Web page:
Friday, February 27, 2015
The Trip Treatment: Author and journalist Michael Pollan reports on the reemergence of research on psychedelics. In this article from The New Yorker, Pollan shares stories of participants and their experiences in clinical trials studying the psychedelic psilocybin.
Clinical-Trial Specialist Could Be Next FDA Chief: In this article from Nature, journalist Heidi Ledford provides background on Robert Califf, who was recently appointed a deputy commissioner at the Food and Drug Administration (FDA). There is speculation that Califf will be named as the next commissioner for the FDA, following the departure of Margaret Hamburg.
Research Misconduct Often Goes Unreported In Published Studies: Ed Silverman of The Wall Street Journal discusses issues with transparency and underreported cases of research misconduct in published studies. Silverman also explores the role of the FDA in disclosing allegations of misconduct.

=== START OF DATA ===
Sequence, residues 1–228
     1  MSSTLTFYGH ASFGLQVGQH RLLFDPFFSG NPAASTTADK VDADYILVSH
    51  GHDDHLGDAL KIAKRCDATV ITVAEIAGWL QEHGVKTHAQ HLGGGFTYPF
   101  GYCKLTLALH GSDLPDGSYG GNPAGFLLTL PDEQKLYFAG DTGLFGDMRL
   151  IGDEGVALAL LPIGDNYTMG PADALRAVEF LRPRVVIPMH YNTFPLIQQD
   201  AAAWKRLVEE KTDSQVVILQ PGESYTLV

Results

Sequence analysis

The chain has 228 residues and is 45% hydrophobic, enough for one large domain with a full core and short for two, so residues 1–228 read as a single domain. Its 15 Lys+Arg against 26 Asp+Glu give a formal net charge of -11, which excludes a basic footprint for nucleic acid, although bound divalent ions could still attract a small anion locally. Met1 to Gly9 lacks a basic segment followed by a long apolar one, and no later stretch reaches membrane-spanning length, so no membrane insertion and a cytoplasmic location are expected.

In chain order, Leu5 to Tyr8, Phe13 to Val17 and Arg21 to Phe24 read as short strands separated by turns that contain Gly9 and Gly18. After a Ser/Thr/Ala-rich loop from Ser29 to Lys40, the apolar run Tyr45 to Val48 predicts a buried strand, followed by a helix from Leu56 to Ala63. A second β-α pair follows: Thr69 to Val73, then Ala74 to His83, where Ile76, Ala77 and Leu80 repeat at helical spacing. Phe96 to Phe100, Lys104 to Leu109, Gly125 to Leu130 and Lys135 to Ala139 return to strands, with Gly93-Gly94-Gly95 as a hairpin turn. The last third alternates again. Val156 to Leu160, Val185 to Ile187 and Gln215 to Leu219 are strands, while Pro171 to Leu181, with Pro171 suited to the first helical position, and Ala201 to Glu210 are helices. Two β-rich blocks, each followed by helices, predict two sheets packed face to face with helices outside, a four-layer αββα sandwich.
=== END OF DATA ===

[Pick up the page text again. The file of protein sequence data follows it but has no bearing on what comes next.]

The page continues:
Young Scientists Lead the Way on Fresh Ideas: In this article from Nature, journalist Ewen Calloway discusses new research by economists Mikko Packalen and Jay Bhattacharya of the University of Waterloo in Canada that suggests that younger scientists are more innovative than older scientists.
Reducing Animals in the Lab One Chip at a Time: Editor-in-chief of Laboratory Equipment Magazine Michelle Taylor reports on efforts to reduce the need for traditional animal studies by implementing new methods for evaluating drug safety. Highlighted in the article is Donald Ingber’s work on the development of organs-on-chip, "which allows researchers to recreate the physiological and mechanical functions of the organ, and to observe what happens in real-time."
Thursday, February 26, 2015
For its February Question of the Month, PRIM&R’s People & Perspectives program wants to know why you think collaboration is important.